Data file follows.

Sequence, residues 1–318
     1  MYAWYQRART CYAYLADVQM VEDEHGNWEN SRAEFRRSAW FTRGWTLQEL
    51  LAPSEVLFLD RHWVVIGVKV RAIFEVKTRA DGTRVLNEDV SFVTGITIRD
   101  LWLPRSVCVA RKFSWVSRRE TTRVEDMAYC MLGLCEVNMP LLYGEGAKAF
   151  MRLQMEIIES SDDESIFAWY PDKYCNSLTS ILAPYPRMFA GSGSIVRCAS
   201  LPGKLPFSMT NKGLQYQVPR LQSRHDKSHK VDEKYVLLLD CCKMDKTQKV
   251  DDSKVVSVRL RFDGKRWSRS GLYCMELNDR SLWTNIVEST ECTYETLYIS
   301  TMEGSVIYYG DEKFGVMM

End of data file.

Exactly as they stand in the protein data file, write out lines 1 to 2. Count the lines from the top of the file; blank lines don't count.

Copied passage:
Sequence, residues 1–318
     1  MYAWYQRART CYAYLADVQM VEDEHGNWEN SRAEFRRSAW FTRGWTLQEL